Coming to Know Akiikih Apollo Newlife & Banyabutumbi Cultural Heritage Organization (BACHO)

by | Feb 22, 2022

Akiikih Appollo Newlife BACHO

Banyabutumbi Cultural Heritage Organization


To restore and sustain the Banyabutumbi traditional practices and promote community welfare, environmental sustainability and conservation.


  • Work with the Banyabutumbi communities in the promotion and protection of their traditional practices for the purposes of environmental conservation and community welfare.
  • Collaborate with other organizations that work on environmental conservation, cultural heritage and community and household welfare.

Origin of BACHO

The call for its existence emanated from the community suffering as a result of protected natural resources around the area, including Queen Elizabeth National Park, Lake Edward and Bwindi Impenetrable Forest National Park. For the people living around these protected natural resources.

Instead of looking at them as an opportunity, they feel they are problems to them.

The reasons are multiple, including the fact that wild animals in Queen Elizabeth National park destroy their gardens, attack their houses and families, kill community members or domestic animals, and make their travels from one place to another insecure both at day and night.

Because of these challenges, communities have neglected conservation of these natural resources.  A number of members decided to do something about it, and formed BACHO as a local Community-Based Organization,  to work with the communities to conserve nature for the benefit of us all.”

Talking to Apollo

We talked the other evening for a long time on Zoom. Technology brings us like minded souls closer to make friends and learn.

Apollo introduced me to his family. A beautiful family with smiling faces and giggles to share. Made me smile the whole time.

Apollo is highly educated, aware, passionate with great love for his country. I was really impressed and learned so much from is well organized and insightful sharing.

It’s been a wonderful journey learning about Western Uganda & Kampala. I might be a subject matter expert along the way, who knows.

Funding primarily schools in the 135 Districts, depends on outcomes. Most Districts outside of Kampala don’t meet best practices nor do they know how. Because of this, they seek funding in other ways, mostly external thru NGOs, private partners & donors.

It still doesn’t solve sustainability problems. Sad, but true. They’ll never get it done either, unless Central Gov invests is training schools to get better. Vicious circle.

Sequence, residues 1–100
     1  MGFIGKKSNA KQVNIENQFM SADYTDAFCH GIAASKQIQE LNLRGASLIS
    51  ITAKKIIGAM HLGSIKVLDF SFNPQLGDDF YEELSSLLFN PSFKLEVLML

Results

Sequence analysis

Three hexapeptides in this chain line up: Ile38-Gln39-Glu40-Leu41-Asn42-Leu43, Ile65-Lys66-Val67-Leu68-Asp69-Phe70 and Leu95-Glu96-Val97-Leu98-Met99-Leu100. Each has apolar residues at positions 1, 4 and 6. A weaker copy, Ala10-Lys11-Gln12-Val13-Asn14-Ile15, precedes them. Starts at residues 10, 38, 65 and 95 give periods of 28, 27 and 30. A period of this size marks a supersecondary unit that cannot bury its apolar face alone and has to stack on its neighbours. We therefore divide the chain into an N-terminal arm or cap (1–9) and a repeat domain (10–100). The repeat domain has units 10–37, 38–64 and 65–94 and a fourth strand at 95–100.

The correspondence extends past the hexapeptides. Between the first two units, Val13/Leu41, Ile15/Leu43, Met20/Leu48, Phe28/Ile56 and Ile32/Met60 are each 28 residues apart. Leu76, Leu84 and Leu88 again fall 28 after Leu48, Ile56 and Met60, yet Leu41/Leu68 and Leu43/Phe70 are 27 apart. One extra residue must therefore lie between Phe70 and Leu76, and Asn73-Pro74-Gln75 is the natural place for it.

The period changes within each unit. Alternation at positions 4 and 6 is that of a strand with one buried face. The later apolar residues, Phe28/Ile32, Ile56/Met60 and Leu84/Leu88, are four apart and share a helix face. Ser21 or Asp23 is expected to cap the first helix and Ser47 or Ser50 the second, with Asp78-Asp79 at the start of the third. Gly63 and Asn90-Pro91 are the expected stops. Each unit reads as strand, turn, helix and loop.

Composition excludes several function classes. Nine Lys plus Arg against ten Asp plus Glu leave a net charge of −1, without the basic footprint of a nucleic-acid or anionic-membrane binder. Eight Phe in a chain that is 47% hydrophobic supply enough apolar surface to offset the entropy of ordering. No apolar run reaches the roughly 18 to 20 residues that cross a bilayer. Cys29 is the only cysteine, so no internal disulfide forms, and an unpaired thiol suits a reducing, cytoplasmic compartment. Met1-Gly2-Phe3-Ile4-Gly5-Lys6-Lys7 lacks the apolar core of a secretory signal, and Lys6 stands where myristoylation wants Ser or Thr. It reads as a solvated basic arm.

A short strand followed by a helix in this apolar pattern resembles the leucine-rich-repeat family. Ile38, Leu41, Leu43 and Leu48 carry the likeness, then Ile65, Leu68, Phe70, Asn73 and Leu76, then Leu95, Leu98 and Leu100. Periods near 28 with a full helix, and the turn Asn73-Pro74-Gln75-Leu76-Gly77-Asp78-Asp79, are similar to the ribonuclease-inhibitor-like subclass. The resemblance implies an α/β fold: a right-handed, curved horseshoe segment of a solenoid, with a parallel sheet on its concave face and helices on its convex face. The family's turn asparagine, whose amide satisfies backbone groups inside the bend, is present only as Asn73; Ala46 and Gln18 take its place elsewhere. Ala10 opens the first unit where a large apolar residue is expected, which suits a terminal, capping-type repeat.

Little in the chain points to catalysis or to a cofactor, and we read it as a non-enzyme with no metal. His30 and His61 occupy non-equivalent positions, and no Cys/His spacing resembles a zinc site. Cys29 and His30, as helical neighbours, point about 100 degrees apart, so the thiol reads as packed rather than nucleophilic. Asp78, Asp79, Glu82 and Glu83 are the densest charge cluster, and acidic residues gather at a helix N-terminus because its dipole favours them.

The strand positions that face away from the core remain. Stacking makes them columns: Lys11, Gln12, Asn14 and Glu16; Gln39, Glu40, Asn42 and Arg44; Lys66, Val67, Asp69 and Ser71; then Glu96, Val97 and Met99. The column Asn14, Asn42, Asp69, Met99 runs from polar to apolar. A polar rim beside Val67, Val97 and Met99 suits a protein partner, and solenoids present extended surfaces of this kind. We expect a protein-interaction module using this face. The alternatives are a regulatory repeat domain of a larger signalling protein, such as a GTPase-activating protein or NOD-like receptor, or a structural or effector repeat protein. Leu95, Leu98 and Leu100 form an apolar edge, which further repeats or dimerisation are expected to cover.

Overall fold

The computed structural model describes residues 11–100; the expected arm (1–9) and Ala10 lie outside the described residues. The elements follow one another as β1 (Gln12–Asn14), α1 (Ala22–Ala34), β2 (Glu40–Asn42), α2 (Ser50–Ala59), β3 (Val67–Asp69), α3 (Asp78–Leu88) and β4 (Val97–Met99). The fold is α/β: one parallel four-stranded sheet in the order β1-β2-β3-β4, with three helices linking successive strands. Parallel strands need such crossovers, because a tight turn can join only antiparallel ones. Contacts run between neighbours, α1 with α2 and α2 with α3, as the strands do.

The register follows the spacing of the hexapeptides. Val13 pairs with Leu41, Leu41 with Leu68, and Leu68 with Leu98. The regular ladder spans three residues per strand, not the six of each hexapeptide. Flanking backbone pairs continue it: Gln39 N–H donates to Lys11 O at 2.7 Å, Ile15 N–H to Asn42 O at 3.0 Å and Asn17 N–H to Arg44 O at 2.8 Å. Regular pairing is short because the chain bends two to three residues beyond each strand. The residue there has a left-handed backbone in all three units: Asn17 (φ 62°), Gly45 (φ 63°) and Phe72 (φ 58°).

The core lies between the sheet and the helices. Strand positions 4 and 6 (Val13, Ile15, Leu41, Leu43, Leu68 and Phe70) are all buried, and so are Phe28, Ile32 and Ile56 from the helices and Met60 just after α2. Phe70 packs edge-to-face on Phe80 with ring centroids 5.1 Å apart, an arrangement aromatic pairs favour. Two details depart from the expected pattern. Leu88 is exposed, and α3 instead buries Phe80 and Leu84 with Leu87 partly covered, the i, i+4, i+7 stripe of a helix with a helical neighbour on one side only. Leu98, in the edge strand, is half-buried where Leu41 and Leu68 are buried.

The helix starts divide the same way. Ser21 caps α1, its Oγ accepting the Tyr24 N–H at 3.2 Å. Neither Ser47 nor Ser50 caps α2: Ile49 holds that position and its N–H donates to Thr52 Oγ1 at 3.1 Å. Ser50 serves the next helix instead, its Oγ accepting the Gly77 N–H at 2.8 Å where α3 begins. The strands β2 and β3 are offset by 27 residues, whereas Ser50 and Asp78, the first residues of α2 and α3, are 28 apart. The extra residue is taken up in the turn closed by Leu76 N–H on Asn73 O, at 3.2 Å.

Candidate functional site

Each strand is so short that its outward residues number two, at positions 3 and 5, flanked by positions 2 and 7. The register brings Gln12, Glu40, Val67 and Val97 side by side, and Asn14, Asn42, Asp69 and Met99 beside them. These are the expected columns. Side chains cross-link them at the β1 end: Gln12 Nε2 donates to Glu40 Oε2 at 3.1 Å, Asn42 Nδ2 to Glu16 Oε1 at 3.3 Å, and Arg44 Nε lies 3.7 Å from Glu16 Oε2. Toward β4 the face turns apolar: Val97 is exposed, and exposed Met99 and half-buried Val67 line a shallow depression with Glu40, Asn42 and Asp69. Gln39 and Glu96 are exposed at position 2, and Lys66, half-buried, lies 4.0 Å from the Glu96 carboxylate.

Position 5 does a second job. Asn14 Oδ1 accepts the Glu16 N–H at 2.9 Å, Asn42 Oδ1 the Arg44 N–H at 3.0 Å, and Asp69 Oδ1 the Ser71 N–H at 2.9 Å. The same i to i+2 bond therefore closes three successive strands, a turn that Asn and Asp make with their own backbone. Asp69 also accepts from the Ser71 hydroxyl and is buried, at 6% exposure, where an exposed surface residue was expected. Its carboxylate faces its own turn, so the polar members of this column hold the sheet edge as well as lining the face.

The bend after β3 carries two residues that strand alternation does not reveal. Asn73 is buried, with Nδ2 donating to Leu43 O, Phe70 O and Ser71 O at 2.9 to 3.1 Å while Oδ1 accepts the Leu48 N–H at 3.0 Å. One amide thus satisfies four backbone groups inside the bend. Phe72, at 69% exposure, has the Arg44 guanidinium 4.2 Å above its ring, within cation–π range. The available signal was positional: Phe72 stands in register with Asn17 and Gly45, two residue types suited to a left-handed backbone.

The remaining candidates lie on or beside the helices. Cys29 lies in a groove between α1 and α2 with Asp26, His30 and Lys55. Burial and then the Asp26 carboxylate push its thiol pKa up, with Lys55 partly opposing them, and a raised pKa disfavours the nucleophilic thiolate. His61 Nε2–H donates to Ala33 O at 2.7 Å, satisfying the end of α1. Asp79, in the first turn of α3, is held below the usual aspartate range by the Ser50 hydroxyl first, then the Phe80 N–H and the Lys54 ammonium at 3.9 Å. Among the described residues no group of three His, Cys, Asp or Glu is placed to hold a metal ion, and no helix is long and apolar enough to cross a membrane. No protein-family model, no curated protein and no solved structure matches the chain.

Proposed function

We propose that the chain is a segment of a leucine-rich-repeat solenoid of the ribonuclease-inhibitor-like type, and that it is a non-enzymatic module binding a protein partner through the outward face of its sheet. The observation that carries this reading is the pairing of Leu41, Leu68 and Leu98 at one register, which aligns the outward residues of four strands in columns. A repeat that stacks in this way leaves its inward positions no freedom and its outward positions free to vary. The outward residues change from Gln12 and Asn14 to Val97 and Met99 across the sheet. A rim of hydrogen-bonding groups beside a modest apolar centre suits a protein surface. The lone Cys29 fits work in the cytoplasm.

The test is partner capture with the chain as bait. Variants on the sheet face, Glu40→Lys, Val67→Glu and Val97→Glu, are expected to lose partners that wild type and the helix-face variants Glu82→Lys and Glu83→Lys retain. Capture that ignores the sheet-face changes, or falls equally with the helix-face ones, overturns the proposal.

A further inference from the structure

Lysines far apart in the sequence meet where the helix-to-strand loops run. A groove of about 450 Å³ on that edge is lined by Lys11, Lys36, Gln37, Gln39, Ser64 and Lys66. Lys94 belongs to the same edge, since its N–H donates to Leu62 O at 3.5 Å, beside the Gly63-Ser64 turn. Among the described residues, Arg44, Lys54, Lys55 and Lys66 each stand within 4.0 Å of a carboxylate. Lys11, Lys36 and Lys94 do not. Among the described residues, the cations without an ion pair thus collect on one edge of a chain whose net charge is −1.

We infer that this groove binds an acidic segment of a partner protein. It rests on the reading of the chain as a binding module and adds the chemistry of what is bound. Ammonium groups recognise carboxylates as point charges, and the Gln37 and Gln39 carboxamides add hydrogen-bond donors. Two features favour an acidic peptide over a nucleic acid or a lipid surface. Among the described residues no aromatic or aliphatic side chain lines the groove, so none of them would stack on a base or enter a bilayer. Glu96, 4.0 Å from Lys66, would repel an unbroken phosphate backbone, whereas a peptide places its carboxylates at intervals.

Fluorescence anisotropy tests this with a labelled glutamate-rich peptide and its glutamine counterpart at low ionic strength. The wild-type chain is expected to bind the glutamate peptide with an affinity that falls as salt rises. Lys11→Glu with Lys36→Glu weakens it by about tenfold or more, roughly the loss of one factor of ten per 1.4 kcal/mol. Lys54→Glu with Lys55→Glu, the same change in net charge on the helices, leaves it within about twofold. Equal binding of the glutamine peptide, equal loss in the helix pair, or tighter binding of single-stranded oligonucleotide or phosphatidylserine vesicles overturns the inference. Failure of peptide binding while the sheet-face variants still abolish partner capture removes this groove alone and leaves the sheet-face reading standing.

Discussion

Citizens in rural areas need access to better education that leads to higher education, especially completing Poverty is almost impossible to solve with critical mass unless gov. steps up.

Trauma, roots of poverty!

Kindergarten through 7th grade for primary schools seems to be minimal. It’s not even close to what we have as a gift in America. But we complain, whine & blame.


BACHO-K kindergarten kids in a class

Kids mostly abandoned at birth, given up to foster “mummys” who are overwhelmed, mean, and often abusive. This is because these foster moms can’t get the emotional support and education they need to be the best care givers.

HIV huge! Covid under control due to tourism economy.

It’s pretty safe to go there, though. We’d love to go, if possible.

We can help them somewhat remotely, but inkind advice is best for us. I’m a journalist and researcher mostly, on all things related to trauma in America and around the globe.

“The Universal Primary Education report in the reference link iskk for the NRM government, They say that it’s UPE, but also charge and ask some money where by the Orphans and vulnerable families cannot afford to get/ pay. Of course, the government can’t fail to praise for him self but my dear friend orphans and other vulnerable children are suffering.

Among the funding agencies…

  1. PRINCE CLAUS FUND and there email address is,
  2. CPPS Heritage mission.
  3. CRS- Catholic Relief Services.
  5. Care International Uganda
  6. American Embassy Uganda

Otherwise, thank you so much for loving the survivors.”

Akiikih Apollo Newlife

Steve & Judy Sparks Children and Families in Life After Trauma (CFLAT)

About the author

Steve Sparks is a retired information technology sales and marketing executive with over 35 years of industry experience, including a Bachelors’ in Management from St. Mary’s College. His creative outlet is as a non-fiction author, writing about his roots as a post-WWII US Navy military child growing up in the 1950s-1960s.
View all posts by stevesparks →

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